A New Study Shows Men Are Dirtier Than Women

Ladies, remember to bring this up the next time you and your SO are arguing over whose turn it is to do the dishes.

According to a new study, men's offices contain more bacteria than women's. New York City offices are also more contaminated than those in San Francisco and Tucson. Photograph courtesy of Flickr user Jeffrey Beall.

Ladies, boys really do have cooties.

Don’t believe us? Just take a look at a study published this week that sampled 90 offices in the US and found a significantly larger amount of bacteria on males’ desks, computers, and chairs than on females’.

For the study, researchers swabbed samples from chairs, phones, computer mice, keyboards, and desktops from offices in New York City, San Francisco, and Tucson. They found notable differences of bacteria abundance between genders, surface types, and cities.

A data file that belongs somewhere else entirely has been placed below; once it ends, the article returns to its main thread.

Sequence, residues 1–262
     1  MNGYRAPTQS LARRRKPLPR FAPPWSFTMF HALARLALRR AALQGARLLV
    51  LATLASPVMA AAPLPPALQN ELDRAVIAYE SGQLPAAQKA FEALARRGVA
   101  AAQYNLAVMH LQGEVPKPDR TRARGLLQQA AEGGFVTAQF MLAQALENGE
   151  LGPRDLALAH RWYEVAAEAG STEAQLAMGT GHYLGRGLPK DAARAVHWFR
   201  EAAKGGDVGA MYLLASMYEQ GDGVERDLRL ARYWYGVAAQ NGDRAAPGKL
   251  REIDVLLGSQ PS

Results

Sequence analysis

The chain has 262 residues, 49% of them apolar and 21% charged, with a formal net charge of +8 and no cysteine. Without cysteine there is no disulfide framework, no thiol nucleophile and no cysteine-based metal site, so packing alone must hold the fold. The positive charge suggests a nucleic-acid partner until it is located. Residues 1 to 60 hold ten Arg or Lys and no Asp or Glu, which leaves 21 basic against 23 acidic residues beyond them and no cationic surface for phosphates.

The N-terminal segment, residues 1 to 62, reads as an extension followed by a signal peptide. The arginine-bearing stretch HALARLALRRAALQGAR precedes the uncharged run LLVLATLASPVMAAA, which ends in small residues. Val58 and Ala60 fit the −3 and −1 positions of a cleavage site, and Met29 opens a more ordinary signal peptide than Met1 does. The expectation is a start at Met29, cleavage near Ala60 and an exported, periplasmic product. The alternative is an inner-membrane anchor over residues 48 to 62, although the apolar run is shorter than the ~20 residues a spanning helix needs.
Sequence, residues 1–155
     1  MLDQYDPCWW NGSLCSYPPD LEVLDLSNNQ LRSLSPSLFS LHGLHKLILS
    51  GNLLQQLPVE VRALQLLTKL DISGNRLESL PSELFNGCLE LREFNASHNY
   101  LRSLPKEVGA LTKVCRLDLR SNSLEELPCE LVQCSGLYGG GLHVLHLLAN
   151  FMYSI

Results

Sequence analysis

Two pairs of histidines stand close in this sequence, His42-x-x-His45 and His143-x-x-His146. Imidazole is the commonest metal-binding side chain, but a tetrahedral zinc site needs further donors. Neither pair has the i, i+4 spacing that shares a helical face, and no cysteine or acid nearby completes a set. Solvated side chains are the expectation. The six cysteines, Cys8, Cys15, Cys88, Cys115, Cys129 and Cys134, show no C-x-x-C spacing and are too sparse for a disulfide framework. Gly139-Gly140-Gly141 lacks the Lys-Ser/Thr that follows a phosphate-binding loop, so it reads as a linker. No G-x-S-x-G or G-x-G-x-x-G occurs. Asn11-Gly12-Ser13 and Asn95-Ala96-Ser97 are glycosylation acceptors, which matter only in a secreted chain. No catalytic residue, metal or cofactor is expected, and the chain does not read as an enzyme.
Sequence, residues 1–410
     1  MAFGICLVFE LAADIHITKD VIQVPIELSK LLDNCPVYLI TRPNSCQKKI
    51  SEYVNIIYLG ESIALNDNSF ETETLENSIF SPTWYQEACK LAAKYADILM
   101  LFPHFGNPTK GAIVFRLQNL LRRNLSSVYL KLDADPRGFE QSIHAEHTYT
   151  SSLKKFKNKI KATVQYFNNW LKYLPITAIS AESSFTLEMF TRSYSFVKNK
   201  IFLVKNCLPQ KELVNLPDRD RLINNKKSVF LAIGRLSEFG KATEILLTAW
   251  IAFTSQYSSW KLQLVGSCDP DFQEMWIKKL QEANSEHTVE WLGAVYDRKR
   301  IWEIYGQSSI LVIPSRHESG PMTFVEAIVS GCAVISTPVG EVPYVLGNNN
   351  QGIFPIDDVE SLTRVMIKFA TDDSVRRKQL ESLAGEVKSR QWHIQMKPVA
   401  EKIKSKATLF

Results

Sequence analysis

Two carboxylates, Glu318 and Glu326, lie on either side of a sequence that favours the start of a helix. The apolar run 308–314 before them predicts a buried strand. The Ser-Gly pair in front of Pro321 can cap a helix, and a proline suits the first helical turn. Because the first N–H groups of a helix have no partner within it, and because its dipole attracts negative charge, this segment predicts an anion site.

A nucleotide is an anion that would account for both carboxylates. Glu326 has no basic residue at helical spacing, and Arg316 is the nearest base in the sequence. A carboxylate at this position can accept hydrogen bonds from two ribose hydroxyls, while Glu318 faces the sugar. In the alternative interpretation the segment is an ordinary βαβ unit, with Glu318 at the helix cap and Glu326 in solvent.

Males had approximately 10 percent more bacteria on their office surfaces than women. Researchers noted a few possible reasons, including that “men are known to wash their hands and brush their teeth less frequently than women, and are commonly perceived to have a more slovenly nature.” Others potential factors could be men’s typically larger size than women, and simply being “less hygienic.”

But both genders should consider cleaning their phones and chairs more often, as they were the two surfaces that were the most contaminated. Keyboards, computer mice, and desktops were the surfaces least likely to be contaminated, respectively.

The city with the cleanest offices? San Francisco. New York City offices had the most bacteria, although somewhat surprisingly, Tucson wasn’t far behind. Researchers also found a variety of bacteria types in Tucson compared with the other two cities. While most bacteria found in all offices were from humans, researchers said Tucson’s variability was probably due to its climate and desert soils.

Unfortunately, DC wasn’t involved in the study, so who knows where we’d fall on the scale? Truth is, we’re not even sure we want to know.

The full study is available at PLoS ONE’s website